As to how long the pylons had been there before the service opened; they werent there when I last took the Nanning/Guangzhou train in early 2012; I'd have to check, but I seem to remember being told by my MiL that construction started late 2013; so yes, very fast construction of over 300 miles of track, especially as the UK takes about 25 years to lay 5 miles of track these days.

        The train itself was very nice to ride in, and was set up like an airliner, with stewardess's for every carriage dressed almost identically to the Air China Southern flights I often take.

        Certainly the 5 hour trip was much nicer than the 12-15 hours the old trains take.

    6. anothercynic Silver badge

      Re: Fly on one - if you have a death wish

      Some of the Chinese high-speed rail tracts have had some issues, yes (cost-cutting and causing the infamous derailment amongst them), but they are at least pushing ahead with high-speed rail (and yes, they demanded to have access to the IP of Bombardier, Siemens and Alstom to build their own trains). We're still faffing about with century-old Victorian infrastructure and tinkering around the edges (that's ultimately what things like London Bridge, Birmingham New Street etc are, tinkering around the edges).

      HS2 should help, but even then, we're still just mucking about amongst the incessant moaning from hoi polloi about the costs and how this is just wrong and don't we have other things to worry about and how shitty the railways really are and how those railway companies are all ripoff merchants (despite the margins in the rail business being to the tune of 2%, and the Treasury being the true rip-off merchant in all of it).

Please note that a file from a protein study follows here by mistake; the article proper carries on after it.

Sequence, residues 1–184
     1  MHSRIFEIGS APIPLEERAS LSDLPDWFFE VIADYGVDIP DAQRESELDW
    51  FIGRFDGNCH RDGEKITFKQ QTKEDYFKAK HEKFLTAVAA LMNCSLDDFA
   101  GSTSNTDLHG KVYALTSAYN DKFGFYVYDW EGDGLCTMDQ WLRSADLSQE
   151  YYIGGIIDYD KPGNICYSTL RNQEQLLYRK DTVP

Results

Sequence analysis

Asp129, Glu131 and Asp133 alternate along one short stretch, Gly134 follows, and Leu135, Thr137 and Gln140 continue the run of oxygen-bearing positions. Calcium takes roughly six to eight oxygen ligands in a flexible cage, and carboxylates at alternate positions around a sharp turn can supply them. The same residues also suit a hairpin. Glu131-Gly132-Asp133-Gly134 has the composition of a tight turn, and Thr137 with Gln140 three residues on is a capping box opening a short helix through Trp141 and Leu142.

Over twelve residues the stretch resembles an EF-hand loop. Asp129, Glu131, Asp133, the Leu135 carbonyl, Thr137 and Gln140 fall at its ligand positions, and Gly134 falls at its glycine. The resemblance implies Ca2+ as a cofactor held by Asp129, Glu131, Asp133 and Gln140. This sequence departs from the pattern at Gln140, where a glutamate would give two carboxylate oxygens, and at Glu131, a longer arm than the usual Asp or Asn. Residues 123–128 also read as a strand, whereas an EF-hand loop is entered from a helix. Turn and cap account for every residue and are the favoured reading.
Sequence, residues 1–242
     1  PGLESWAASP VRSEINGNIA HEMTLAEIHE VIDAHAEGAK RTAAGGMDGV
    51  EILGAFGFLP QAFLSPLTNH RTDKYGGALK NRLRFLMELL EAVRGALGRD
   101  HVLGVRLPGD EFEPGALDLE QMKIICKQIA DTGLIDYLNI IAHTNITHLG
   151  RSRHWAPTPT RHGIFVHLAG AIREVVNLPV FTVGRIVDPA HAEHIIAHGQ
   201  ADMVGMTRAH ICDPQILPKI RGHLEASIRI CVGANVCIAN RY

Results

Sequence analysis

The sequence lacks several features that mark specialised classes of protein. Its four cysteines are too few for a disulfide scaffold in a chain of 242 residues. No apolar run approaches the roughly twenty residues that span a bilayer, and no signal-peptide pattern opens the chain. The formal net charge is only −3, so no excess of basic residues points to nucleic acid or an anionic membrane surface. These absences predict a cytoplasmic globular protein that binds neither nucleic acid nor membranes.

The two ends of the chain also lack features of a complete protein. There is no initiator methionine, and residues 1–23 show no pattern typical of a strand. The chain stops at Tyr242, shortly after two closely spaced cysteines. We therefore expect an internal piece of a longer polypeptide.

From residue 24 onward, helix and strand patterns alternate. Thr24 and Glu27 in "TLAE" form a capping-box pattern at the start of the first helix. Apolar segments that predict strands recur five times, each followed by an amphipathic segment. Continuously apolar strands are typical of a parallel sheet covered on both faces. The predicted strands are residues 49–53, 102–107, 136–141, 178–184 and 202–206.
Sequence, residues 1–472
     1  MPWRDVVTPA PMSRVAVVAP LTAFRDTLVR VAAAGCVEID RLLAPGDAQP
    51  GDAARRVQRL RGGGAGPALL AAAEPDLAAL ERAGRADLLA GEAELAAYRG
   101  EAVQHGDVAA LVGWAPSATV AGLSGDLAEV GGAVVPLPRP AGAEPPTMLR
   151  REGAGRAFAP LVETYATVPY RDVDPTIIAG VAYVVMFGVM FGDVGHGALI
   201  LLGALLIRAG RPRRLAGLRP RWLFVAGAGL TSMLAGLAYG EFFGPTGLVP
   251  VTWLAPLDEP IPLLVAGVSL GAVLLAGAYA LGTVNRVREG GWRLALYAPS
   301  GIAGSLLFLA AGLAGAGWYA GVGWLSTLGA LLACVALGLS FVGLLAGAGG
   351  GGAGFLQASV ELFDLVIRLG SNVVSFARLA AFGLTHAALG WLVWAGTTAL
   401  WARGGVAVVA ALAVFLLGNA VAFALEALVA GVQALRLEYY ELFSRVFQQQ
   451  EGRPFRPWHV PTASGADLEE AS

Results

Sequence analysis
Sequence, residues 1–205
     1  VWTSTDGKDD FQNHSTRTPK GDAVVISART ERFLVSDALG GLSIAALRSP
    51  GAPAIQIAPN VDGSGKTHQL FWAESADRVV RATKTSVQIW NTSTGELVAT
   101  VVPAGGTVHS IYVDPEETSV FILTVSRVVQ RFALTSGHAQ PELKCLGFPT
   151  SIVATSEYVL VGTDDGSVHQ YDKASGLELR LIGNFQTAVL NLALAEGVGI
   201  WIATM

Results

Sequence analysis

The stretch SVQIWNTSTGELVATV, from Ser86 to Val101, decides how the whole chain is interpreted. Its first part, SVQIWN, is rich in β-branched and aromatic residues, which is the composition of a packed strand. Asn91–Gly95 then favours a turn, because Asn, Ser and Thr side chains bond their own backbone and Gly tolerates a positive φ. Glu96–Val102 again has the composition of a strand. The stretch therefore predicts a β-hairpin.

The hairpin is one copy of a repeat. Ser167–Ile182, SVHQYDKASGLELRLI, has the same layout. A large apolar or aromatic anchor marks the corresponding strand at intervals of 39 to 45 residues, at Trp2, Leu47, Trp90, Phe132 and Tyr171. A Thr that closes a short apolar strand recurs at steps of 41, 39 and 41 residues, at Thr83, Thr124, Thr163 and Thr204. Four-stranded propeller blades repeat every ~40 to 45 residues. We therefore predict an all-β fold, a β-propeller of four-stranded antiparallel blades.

It's almost as bad as when CTRL (now known as Highspeed 1) was being built, yet how many moaners are now happy to park up at Ashford or Dartford to catch a Eurostar, or toddle on down to Folkestone to catch a Eurotunnel train across to the continent? Or better yet, catch the high-speed Hitachi Javelin service from Kent into London for work? MANY.

      We should be doing what the Chinese have done... invest into our infrastructure and make it more useful for freight and for people. Right now, we're barely keeping it going for commuters.

      1. wolfetone Silver badge

        Birmingham New Street

        They spent millions on "renovating" and "improving" New Street station, and all they've done is blow a hole through the floor of the Pallasades, cut a hole in the roof, and turned a train station in to yet another shopping area.

        The millions spent and not one carriage of capacity added to the station, yet it's lauded as a great success.

        AND DO NOT GET ME STARTED ON THAT VILE STAINLESS STEEL CRAP HANGING OUTSIDE IT.

  6. 0laf Silver badge

    Well the with the glowing safety record of many Chinese produced cars I'm sure we'll all the queuing round the block for this.

    1. Peter2 Silver badge

      To be fair, China's safety record on most cars isn't any worse than ours these days.

      The manufacturing is good because companies such as Roewe have literally brought the design rights for cars and the entire modern production lines (ie for the Rover 75) and moved it to China lock, stock and barrel to reassemble and continue production, and have kept the design staff in the UK to do design work for their new cars.

      1. Ian Emery Silver badge

        Roewe IS Rover

        They have trouble with the "v", so they changed the name slightly.

        As for Chinese air safety, I flew one of Air China Southerns 777's out of Guangzhou in 2014, and have never been so scared in all my life; we had a 4 hour delay in Beijing while they used lump hammers to get a seat back into the upright position, and what felt like a totally broken l/h brake that caused the aircraft to swerve violently right every time the brakes were applied on landing, at Beijing and again in Frankfurt.

        You could see how shit scared the cabin crew were every time we came in to land.

        Taking off from Beijing was no picnic either, the aircraft cabin was visibly twisting in the air turbulence; I thought it was going to tear in half.

        Since then, all my flights into and out of China have either been on Western airlines or Emirates.